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Turn or Make a Turn?


Turn or Make a Turn?
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Hello! This week on Ask a Teacher, we answer a question from Orlando in Brazil. He writes,

Question:

Could you please tell me the difference between these phrases when talking about directions?

We can turn left to go there.

[and]

We can make left to go there.

Which one is considered correct?
Thanks.
Orlando, Brazil.

Answer:

Dear Orlando,

Thank you for writing to us. Please note that the word “left” serves as two different parts of speech in these two sentences. In the first one, “left” is an adverb. It shows the direction of a turn. Here is a similar example:

At the next intersection, I turned left and then right onto Main Street.

In that statement, both “left” and “right” show a movement in a certain direction. They are both adverbs, which means they affect the meaning of a verb. A person or a vehicle can turn, as we have in this example,

The car ran the stop right there, and it turned left.

But we would not talk about a vehicle “making a turn.” Generally speaking, only people can "make a turn."

Make a turn

Your second statement is missing an important word, the determiner “a.” It should be:

We can make a left to go there.

It also leaves out a word that a listener understands but is not said, “turn.”

We can make a left [turn] to go there.

When we give directions with the word “make” we have to use “a” because here, “left” serves as an adjective. It modifies the noun “turn.” Here are other examples from the Corpus of Contemporary American English, or COCA:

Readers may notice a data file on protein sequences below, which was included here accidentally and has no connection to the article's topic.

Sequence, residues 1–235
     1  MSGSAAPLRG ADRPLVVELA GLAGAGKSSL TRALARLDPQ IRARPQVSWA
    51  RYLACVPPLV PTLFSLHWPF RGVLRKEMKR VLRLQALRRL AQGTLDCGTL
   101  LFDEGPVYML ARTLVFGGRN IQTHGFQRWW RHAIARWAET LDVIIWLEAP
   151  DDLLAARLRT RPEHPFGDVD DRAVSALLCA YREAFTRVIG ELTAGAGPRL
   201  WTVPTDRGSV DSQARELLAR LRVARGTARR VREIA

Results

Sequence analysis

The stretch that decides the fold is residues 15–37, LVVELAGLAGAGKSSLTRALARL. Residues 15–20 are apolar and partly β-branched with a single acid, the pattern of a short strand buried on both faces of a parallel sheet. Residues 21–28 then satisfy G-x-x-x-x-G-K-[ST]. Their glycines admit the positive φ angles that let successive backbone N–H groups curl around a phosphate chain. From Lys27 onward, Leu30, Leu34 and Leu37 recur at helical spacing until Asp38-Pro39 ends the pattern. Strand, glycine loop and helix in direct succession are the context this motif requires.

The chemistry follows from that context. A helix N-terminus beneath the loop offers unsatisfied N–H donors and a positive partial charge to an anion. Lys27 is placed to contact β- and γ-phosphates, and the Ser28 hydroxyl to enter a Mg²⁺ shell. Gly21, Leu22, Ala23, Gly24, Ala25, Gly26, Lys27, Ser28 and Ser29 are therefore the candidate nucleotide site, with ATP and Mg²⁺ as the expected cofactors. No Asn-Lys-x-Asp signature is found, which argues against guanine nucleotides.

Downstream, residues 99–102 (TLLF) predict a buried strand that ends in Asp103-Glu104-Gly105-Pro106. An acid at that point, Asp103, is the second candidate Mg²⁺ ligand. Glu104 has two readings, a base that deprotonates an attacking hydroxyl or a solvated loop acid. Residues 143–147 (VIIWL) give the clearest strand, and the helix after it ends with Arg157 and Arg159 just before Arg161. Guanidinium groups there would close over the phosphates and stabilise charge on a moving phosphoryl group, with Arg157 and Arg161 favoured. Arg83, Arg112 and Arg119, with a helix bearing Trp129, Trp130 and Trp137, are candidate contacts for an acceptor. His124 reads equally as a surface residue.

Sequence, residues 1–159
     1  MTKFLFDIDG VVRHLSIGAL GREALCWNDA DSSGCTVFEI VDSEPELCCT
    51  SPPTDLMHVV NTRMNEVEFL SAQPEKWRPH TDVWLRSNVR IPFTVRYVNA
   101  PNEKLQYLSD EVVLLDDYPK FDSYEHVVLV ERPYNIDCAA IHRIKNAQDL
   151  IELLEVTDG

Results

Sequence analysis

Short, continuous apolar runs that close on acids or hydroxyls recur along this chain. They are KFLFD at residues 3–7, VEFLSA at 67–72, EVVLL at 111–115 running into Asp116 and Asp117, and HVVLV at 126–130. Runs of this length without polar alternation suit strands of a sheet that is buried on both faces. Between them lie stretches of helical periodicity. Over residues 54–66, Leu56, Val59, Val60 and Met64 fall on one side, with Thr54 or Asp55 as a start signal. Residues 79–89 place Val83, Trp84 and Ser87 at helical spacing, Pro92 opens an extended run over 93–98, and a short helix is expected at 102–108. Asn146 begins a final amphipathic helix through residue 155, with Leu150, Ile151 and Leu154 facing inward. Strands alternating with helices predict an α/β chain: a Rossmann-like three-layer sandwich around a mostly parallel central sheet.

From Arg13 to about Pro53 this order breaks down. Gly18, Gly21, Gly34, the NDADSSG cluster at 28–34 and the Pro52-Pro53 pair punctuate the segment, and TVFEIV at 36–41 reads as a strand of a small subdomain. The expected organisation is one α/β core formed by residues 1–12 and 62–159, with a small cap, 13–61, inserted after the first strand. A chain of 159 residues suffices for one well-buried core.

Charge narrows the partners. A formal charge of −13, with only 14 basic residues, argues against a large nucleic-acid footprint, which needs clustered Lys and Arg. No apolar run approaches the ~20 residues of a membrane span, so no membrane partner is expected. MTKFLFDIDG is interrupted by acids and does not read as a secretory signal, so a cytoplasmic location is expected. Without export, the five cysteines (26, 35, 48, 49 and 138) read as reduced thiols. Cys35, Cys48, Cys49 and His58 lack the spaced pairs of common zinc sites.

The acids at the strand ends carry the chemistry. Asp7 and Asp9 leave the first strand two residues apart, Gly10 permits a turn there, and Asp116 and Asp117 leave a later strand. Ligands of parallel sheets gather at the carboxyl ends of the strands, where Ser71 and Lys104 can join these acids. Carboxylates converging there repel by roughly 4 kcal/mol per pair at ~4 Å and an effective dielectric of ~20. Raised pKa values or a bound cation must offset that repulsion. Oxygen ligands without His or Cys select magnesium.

He made a left turn on a red light. Horns protested.

Officials said the driver in front was waiting to make a left turn.

In looking at the results in COCA, I found that “to make a turn” is much less common than simply using the verb “turn.” Some writers think it is a North American way of speaking.

Take a turn

There is one more way to give directions. You can ask someone to “take a turn.”

Take the second right turn after the bank.

What question do you have about American English? Send us an email at learningenglish@voanews.com

And that’s Ask a Teacher.

I’m Jill Robbins.

Dr. Jill Robbins wrote this lesson for VOA Learning English.

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Words in This Story

sentence n. a group of words that expresses a statement, question, command, or wish

intersection n. the place or point where two or more things come together

modify –v. (grammar) to limit or describe the meaning of (a word or group of words)

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